Party funding deal needs political will, watchdog hears
The man who headed failed cross-party talks on reforming political funding has said an agreement is possible, if the "political will" is there.
Sir Hayden Phillips was giving evidence to the Committee on Standards in Public Life, three years after talks failed.
Tory Francis Maude told the hearing the appetite for more state funding for parties had "pretty much evaporated".
Labour's Mr Straw was sceptical about capping donations because donors would start using "front" organisations.
The Committee on Standards in Public Life - chaired by Sir Christopher Kelly - last year investigated MPs' expenses and proposed a series of radical reforms, most of which was taken up by the new expenses body.Funding controversies
But the contentious issue of party political funding also falls within its remit.
The committee has not yet decided whether to launch a full-scale inquiry into the issue and will use Thursday's session to find out more about the current state of party funding.
End Quote Sir Hayden Phillips
There is nothing in this subject that is not capable of resolution”
During the morning session, the man who chaired the failed cross-party talks - former senior civil servant Sir Hayden Phillips - said they broke down over the debate about trade union funding of the Labour Party.
Should political parties get more taxpayers' money? In an era of spending cuts most politicians think voters would answer that question with a very clear "no".
But they also know their parties would be unlikely to accept new limits on individual donations without a guarantee of extra cash.
That quandary is one of many for those who would see the way we pay for politics reformed.
The assumption is parties would need to agree on change, but they have - repeatedly - disagreed on key points.
The Conservatives would like major changes to the rules surrounding payments made by members of trade unions that are passed to the Labour party.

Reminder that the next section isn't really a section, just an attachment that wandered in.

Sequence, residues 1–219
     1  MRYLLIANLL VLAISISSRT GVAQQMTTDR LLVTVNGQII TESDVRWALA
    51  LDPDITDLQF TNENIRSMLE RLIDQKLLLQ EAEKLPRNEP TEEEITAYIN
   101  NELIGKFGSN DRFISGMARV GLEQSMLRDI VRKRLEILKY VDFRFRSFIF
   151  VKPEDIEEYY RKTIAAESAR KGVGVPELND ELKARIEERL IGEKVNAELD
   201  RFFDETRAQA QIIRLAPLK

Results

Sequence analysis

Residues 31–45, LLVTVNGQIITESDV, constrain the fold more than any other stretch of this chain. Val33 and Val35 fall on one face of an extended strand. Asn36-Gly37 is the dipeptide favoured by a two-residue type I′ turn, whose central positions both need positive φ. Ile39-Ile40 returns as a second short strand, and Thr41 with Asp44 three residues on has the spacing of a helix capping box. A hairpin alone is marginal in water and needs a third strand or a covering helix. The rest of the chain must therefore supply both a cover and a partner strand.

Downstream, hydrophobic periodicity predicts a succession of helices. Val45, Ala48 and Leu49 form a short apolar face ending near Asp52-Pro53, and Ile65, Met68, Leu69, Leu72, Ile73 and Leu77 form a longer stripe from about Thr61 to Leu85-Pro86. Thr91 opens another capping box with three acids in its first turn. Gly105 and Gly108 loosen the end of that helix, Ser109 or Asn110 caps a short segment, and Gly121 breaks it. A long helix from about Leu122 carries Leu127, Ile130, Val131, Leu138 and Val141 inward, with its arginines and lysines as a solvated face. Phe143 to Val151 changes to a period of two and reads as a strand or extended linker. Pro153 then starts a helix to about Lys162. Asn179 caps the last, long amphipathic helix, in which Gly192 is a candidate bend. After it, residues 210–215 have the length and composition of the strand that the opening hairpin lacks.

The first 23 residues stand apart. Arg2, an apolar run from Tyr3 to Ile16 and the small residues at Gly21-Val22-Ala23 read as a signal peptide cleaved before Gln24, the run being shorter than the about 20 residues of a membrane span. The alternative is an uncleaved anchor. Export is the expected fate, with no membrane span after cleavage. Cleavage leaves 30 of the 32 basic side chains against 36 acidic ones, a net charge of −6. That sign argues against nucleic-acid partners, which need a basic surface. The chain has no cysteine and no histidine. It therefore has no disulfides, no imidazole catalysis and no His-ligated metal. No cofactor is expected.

Labour say Conservative supporters are better off, and would like to see limits on the sort of donations made by the Tory peer Lord Ashcroft.
Those arguments were rehearsed in front of a one off hearing of the Committee on Standards in Public Life. Its chair Sir Christopher Kelly drew up proposals for changing the system of MPs expenses and will decide whether to begin a report on party funding.
Not three years have passed since the last such report failed to produce a result.
The coalition government is pledged to "pursue" an agreement on limiting donations and removing big money from politics. An independent set of proposals might go some way to help achieve this.
But the parties are offering no hint that their positions have softened, or that they might be any closer to agreeing a deal.
But he said all the main parties have suffered from "big donor culture" and warned another funding scandal could occur at any time.
"There is nothing in this subject that is not capable of resolution," he said.
"It's a matter of political will."
Political parties are currently funded from a combination of membership subscriptions, donations, union money, loans, and public funds.